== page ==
- Beneficial insects. Some insects, such as honeybees, ladybugs, and praying mantises, are very beneficial in a garden because they help to pollinate plants and kill other harmful pests. These insects will often come naturally to your garden if you plant certain flowers that attract them. Other times you’ll have to purchase them and release them into your garden yourself.
- Weed Control. No matter what method you use to cultivate your garden, weeds will always find a way to sneak in. Weeds can be a serious problem in the garden. They compete with your plants for nutrients, water, and sunlight. The simplest way to weed is to pull them out by hand. You can either pull out the weeds with your fingers or use a trowel or other garden tool to loosen the soil around them first. Make sure you don’t leave any roots in the ground; otherwise, they’ll grow back.
- Put tags on your plant. Make your plants easier to find in the garden. So you’ll know where they are planted and can more easily get to them to harvest them or prune them. You can keep an eye on them more easily when they are new.
- Save your seeds. It’s easy to save seeds, too! Just wait until your vegetables have completely ripened on the vine. Then, pick them, wash them off with water, and let them dry on a plate. Once they’re dried, you can store them in envelopes or small plastic bags until you’re ready to plant next spring.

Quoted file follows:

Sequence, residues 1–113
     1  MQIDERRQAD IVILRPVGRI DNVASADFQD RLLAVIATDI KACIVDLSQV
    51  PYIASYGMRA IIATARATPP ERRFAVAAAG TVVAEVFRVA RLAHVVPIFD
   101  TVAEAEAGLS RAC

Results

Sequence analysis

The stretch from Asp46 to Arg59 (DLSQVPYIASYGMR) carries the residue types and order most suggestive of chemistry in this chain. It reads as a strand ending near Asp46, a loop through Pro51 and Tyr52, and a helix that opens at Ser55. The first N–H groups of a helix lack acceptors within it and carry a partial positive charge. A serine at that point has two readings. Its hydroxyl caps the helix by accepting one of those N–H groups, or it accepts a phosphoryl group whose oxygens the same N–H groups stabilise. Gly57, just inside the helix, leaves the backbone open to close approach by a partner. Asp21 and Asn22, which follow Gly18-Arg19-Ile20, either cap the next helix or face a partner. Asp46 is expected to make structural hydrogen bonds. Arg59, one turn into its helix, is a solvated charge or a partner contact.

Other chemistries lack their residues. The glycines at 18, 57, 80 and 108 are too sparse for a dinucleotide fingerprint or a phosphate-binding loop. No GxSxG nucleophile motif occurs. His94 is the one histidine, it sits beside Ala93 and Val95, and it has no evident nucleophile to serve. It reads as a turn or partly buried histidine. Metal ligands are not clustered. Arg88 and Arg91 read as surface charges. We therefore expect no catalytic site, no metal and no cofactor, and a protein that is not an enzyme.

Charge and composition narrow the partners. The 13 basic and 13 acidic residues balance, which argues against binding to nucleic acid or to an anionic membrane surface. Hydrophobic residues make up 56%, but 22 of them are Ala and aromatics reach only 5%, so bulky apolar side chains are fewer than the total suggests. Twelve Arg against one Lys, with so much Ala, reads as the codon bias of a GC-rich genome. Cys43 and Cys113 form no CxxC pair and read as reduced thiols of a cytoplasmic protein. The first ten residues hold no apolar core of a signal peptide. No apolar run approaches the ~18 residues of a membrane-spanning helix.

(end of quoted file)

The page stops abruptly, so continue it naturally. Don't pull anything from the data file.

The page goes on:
- Enjoy your garden! It doesn’t matter how big or small your outside space is — always find time to enjoy it.
If you’re only outside once a week to tend to your plants, all the hard work will feel like a chore, and you’ll miss out on the pleasures of having an outdoor space. The more time you spend in your garden, the more you’ll see it grow and change. The more you tend to it, the better it will look.
Time spent in the garden is never wasted, so try to use that spare hour or two a day – even if it’s just sitting outside with a cup of tea and a book.
Just a few heads-up on what to do and avoid when gardening. See the video below: